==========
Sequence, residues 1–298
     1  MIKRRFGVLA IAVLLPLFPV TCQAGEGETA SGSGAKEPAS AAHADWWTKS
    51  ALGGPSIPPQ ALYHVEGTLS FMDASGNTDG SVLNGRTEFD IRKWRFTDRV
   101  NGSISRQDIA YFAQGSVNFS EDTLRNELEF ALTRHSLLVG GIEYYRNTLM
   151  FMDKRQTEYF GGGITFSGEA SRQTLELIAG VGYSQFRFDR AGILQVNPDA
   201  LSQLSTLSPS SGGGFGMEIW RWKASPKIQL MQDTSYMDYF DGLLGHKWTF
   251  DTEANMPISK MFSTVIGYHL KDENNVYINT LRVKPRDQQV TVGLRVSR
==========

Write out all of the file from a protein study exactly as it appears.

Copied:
Sequence, residues 1–298
     1  MIKRRFGVLA IAVLLPLFPV TCQAGEGETA SGSGAKEPAS AAHADWWTKS
    51  ALGGPSIPPQ ALYHVEGTLS FMDASGNTDG SVLNGRTEFD IRKWRFTDRV
   101  NGSISRQDIA YFAQGSVNFS EDTLRNELEF ALTRHSLLVG GIEYYRNTLM
   151  FMDKRQTEYF GGGITFSGEA SRQTLELIAG VGYSQFRFDR AGILQVNPDA
   201  LSQLSTLSPS SGGGFGMEIW RWKASPKIQL MQDTSYMDYF DGLLGHKWTF
   251  DTEANMPISK MFSTVIGYHL KDENNVYINT LRVKPRDQQV TVGLRVSR